One of Canada’s most memorable Olympic moments involves a medal, but not the gold, silver or bronze traditionally given out to top performers.
Larry Lemieux could have picked up one of those in the sailing competition at the 1988 Seoul Games, as he overcame tough 35-knot winds and was in position to claim a silver medal in the Finn-class competition. Lemieux saw a capsized boat on the adjacent 470-class course, though, with injured Singapore sailors Shaw Her Siew and Joseph Chan in trouble, and he abandoned his race to go help them.
That nullified his shot at the traditional medals, but it resulted in him earning the even-rarer Pierre de Coubertin Medal, and it made his story a far more important tale, one that illustrates that athletic victory alone isn’t everything.
Siew and Chan were truly in dire straits. Their boat had capsized 32 kilometres off the coast of Pusan, and while Siew was clinging desperately to the centreboard, Chan was being swept further and further away by the high waves. Lemieux could have carried on and tried to pick up gold himself, but as he later told The Edmonton Journal, his instincts instructed him to go to the other sailors’ aid.
“The first rule of sailing is, you see someone in trouble, you help him,” Lemieux said. “My thought process was: do they really need help because a lot of times you are able to save yourself. But I couldn't understand if they were saying yes or no. I just had to go. If I went to them and they didn't really need help, c’est la vie. If I didn't go, it would be something you would regret for the rest of your life. But I wasn't thinking that at the time. It's only now, in retrospect, you think that way. At the time, you just go.”
Even once he’d made the decision, rescuing the stranded sailors wasn’t easy. There were four-metre waves crashing all around Lemieux’s boat, and the current was going against the wind, making the task even more difficult. Lemieux had to sail downwind to reach Chan’s position, and wound up taking on a lot of water himself in the process. Using all his sailing skill, though, Lemieux managed to keep his own boat from capsizing, and he plucked Chan out of the water before heading back to help Siew. Following that, he managed to hold his small craft steady against the wind until a Korean Navy boat arrived to pick the stranded sailors up. After helping Siew and Chan, Lemieux returned to his race and finished 21st out of a field of 32. As he told the Journal, he has no regrets, though, especially considering the danger Chan was in.
“He would have been lost at sea. Because the waves were so high you couldn't see the big, orange course markers when you were between troughs. So looking for someone's head would have been like looking for a needle in a haystack. … I could have won gold. But, in the same circumstances, I would do what I did again.”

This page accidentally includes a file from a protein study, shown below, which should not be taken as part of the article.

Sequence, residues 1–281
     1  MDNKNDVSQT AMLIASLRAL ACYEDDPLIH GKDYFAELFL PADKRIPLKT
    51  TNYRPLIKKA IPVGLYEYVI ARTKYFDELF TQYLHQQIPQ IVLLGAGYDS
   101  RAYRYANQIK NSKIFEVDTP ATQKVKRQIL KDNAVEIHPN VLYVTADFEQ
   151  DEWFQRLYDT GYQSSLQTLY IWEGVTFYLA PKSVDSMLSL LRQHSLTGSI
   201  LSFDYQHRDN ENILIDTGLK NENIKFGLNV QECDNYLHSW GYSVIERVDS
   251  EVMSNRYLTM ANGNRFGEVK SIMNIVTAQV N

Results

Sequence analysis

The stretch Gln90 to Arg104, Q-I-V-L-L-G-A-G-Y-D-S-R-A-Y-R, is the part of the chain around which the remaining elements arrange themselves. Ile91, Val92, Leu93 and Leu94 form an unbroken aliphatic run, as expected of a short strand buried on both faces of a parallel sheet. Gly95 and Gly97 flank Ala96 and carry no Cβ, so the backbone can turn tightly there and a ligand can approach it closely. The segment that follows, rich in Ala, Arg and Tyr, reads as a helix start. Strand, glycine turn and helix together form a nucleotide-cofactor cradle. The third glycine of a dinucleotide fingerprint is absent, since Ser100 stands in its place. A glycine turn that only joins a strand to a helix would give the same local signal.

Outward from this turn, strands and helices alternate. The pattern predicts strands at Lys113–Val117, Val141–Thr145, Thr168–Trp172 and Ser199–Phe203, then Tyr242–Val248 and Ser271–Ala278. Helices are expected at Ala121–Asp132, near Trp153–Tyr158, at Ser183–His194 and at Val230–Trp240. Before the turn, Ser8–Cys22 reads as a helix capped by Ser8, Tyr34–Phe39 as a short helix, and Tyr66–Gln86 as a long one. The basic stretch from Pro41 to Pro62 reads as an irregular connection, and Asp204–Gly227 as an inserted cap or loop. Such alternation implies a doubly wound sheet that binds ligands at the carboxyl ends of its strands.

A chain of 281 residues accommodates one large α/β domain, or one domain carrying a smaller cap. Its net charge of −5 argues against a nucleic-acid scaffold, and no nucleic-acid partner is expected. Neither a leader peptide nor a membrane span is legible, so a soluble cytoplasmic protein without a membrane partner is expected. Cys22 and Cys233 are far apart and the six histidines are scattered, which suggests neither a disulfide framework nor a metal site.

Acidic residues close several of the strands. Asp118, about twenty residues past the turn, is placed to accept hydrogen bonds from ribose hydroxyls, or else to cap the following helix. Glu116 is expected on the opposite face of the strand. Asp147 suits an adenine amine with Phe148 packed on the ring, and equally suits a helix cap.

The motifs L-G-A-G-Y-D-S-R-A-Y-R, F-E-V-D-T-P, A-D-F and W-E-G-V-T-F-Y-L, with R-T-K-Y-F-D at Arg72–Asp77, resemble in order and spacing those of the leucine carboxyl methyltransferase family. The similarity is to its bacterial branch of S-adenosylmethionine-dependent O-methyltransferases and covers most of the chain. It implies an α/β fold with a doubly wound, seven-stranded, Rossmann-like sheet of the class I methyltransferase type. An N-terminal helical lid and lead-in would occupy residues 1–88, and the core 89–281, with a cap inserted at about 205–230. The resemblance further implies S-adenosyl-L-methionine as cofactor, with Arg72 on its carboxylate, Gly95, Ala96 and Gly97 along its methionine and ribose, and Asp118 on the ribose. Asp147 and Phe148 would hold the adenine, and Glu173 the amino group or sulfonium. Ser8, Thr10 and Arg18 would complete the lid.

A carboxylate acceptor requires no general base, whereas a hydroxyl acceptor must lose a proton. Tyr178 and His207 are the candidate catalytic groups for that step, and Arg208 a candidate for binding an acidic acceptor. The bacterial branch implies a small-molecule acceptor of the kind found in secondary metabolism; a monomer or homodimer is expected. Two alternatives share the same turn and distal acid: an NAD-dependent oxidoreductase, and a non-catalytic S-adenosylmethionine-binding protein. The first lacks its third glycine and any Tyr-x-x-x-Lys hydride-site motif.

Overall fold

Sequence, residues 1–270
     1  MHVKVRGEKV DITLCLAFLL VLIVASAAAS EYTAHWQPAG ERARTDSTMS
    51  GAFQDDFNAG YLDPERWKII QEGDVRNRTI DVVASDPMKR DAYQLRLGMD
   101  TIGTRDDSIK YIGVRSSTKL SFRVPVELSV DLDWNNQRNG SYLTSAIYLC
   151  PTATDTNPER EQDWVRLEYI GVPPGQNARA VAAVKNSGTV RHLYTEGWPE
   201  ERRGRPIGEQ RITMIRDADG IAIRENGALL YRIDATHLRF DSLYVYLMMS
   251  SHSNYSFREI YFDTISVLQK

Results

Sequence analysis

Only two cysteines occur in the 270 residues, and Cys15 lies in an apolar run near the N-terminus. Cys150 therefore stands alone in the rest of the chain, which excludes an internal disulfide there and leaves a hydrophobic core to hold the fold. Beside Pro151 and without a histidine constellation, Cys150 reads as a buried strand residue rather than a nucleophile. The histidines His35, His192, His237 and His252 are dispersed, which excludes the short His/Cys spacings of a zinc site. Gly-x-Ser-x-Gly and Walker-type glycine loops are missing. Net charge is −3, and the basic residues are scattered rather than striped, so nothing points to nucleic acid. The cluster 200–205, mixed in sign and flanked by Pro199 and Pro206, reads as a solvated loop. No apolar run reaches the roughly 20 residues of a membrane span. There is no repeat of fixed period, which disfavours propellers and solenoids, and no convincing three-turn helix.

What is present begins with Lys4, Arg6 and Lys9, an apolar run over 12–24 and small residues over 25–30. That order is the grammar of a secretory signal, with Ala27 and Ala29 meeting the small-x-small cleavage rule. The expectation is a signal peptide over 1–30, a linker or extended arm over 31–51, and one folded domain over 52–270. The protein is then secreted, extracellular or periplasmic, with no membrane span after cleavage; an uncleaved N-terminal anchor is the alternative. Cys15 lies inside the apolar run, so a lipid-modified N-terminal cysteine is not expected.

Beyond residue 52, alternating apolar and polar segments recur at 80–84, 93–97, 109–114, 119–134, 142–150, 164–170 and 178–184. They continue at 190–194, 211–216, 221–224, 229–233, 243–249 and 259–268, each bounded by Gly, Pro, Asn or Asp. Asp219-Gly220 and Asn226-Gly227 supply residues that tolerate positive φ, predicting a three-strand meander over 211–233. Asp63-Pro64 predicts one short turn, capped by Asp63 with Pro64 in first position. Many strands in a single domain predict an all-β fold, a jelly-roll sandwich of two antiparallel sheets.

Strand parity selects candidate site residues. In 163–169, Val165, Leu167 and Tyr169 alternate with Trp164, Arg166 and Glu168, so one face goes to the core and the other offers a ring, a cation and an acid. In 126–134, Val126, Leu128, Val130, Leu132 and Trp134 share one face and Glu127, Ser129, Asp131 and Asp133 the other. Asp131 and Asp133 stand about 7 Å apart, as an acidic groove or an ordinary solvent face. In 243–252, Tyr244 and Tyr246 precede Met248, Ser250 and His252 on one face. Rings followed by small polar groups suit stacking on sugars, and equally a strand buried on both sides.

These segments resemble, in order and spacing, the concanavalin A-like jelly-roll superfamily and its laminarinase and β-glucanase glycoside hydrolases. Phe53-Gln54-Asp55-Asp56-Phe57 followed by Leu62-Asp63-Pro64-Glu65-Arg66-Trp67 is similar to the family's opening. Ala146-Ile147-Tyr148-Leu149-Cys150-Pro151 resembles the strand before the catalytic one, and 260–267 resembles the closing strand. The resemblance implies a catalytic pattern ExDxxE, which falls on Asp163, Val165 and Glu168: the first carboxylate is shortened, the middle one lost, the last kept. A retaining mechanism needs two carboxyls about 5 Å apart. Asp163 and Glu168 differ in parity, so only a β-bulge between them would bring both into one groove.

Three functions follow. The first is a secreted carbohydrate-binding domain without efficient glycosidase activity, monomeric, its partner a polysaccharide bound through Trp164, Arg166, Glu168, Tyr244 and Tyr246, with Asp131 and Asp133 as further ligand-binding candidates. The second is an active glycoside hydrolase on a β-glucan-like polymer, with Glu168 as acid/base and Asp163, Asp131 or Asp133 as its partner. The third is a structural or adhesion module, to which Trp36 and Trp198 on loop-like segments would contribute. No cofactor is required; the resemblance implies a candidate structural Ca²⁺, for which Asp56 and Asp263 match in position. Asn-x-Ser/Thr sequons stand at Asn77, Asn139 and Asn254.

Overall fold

Lemieux may not have earned gold, but he was recognized with an even-rarer award. At the sailing medal ceremony, International Olympic Committee president Juan Antonio Saramanch gave him the Pierre de Coubertin Medal, named in honour of the IOC founder and father of the modern Olympics. That award, given to athletes who demonstrate the true spirit of sportsmanship, has only been handed out 10 times over the years, and Lemieux remains the only Canadian to win it. If he’d continued on without stopping to help, he might have picked up a place on the medal stand, but his decision to abandon personal sporting glory to aid fellow competitors made him a far bigger legend.
Lemieux accomplished plenty beyond his rescue effort, of course. He also competed for Canada in the Star class at the 1984 Olympics, and although he didn’t make it back to the Olympics following 1988, he picked up a silver medal at the 1990 world championships, earned gold in the Finn class at the European championships (the first Canadian to do so) and picked up a Pan-Am Games gold in 1991. Still, it’s the race where he gave up victory to help others that stands out most.
It’s notable that Lemieux’s decision came at the same Olympics where Ben Johnson earned gold and set a world record in the 100-metre dash with a mind-blowing time of 9.79 seconds, but was subsequently disqualified after testing positive for performance-enhancing drugs. If Johnson’s record and subsequent drug test represented athletic glory at the cost of personal shame, Lemieux’s choice to give up a shot at a medal to save others is the polar opposite. Lemieux never stood atop an Olympic podium, but his story is one Canadians can feel a lot better about today, and it suggests that winning isn’t always the highest goal.